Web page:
Brooks Elementary School literacy committee is conducting a summer reading program for Brooks’ students.
However, according to district Technology Integration Specialist Susan Jenkins, “It is not any ordinary summer reading program. It is all taking place through the wonderful world of technology.”
With Jenkins’s assistance, a “Wiki” account was created where students post responses about their books and have discussions with other students about their books.
“Teachers and staff are also commenting and helping to guide the discussion,” Jenkins explained. “The students are doing an awesome job.”
Rebecca DeSpain, a member of the literacy committee, said the reading program started because, “We (the teachers at Brooks) knew that in order for students to not feel the impact of the ‘summer slump’, they had to read over the summer.”
“The literacy committee was influenced by the following research,” she said:
Students who read as few as six books over the summer maintain their level. Reading more only leads to even greater success.
Students need to read books that match their level.
Students need to have choice when selecting books.
Many students do not have access to books over the summer.
There is indication that the best predictor of loss or gain in reading is whether or not a child reads during the summer. Also, the best predictor of whether a child reads is his/her access to books.
The reading achievement of students who do not read over the summer typically declines on the average of three months.
“Having the support of Brooks’ staff and Principal Cheri Lineweaver along with FRC Coordinator Sherri Bishop with this research in mind, a simple reading program was implemented based on one conducted by reading researcher and expert Dick Allington,” DeSpain explained.
Teachers selected students from their class and they were invited to participate in the summer reading program.
“The students and parents committed to participating, and then the students were allowed to choose 10 books to take home with them over the summer,” DeSpain said.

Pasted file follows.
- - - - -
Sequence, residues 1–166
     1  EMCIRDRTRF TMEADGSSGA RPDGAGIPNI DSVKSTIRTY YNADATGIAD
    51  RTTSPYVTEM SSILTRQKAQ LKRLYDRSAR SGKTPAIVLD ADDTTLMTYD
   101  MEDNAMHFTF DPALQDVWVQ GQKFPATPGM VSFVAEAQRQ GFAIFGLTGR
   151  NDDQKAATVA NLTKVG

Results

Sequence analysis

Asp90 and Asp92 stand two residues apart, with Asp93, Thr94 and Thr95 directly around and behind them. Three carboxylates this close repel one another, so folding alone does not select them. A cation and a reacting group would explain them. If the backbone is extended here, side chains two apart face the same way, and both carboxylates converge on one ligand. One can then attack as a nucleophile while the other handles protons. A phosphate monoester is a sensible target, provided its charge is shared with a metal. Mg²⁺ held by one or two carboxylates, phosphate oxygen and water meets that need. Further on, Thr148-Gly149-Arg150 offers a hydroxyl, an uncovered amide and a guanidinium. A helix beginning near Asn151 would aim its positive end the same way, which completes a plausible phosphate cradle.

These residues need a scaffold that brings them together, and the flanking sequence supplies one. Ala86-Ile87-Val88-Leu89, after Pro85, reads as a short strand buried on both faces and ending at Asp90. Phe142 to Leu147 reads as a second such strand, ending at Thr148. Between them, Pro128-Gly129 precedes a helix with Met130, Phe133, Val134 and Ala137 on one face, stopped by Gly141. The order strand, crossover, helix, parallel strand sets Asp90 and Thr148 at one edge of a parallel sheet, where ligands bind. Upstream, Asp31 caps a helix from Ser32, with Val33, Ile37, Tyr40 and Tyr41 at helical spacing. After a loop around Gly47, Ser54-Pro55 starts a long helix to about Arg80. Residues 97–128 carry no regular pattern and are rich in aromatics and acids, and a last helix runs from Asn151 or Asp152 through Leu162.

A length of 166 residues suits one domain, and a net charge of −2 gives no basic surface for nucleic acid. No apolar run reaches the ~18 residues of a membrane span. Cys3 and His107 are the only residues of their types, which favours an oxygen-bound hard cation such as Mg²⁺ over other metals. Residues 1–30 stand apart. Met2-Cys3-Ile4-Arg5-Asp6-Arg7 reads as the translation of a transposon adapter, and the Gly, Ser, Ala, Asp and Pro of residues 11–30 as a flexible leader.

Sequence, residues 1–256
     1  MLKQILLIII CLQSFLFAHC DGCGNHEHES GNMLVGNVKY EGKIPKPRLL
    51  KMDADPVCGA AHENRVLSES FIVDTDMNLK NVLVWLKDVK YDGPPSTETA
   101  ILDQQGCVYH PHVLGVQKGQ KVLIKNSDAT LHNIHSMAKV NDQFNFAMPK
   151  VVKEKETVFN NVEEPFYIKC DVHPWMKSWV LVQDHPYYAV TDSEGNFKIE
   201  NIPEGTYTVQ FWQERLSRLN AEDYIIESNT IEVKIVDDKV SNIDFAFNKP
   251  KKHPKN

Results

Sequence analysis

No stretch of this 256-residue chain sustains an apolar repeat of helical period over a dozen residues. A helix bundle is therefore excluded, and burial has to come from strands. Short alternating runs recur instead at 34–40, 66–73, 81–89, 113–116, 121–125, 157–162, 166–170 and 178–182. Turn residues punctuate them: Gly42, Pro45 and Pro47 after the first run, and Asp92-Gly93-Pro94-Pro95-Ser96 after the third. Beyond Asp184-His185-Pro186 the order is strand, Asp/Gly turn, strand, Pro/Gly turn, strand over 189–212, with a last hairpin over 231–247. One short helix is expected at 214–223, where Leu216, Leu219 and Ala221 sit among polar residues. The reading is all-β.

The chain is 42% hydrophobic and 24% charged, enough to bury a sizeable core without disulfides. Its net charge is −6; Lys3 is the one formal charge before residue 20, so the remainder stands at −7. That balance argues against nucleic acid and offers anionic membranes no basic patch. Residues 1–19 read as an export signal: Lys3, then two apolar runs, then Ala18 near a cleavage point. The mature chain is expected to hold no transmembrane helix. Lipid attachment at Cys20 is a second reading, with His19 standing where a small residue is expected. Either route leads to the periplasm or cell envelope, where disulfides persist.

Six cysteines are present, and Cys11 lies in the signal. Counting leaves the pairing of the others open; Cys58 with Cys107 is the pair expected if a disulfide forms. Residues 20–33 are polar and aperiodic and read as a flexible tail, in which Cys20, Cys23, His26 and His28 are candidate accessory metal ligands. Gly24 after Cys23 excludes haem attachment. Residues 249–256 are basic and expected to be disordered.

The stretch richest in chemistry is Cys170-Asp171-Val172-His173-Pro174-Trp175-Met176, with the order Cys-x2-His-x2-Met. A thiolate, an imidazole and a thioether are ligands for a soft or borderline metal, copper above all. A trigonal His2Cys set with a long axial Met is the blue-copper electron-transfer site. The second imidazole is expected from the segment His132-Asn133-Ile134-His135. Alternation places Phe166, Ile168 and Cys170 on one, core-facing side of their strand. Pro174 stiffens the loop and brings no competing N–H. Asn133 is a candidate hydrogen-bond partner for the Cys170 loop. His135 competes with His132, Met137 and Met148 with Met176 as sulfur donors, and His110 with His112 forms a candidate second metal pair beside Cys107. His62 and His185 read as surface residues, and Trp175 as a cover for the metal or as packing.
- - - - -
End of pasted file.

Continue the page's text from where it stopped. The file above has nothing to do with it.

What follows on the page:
In addition to the targeted students, the students participating in Brooks’ summer camp also joined in using the Wiki to post their discussions.
“Self-addressed, stamped postcards were also given to students so they could write notes to all staff members about their books,” DeSpain noted. “It was the committee’s hope that the use of a “Wiki” for book discussions would increase motivation to read.”
The literacy committee will study MAP data and seek feedback from teachers to determine the impact of the summer reading program on the “summer slump.”
“This was a trial year and we got a late start,” DeSpain said. “I believe when the literacy committee meets again in the fall and throughout the year, we will tweak the program so it is even more successful next year. We want to include more students, any student who wants to participate.”
“The philosophy behind the program is based on research,” she continued, “and if students do follow during and read through the summer, there will be an impact. As with any new idea, sometimes you have to live through it to know what is needed to make it successful.”
Bullitt County Public Schools has nearly 13,000 students in grades kindergarten through 12. There are 25 school facilities, a certified staff of over 900 and a classified staff of over 850 working every school day to make the district the leader in educational excellence.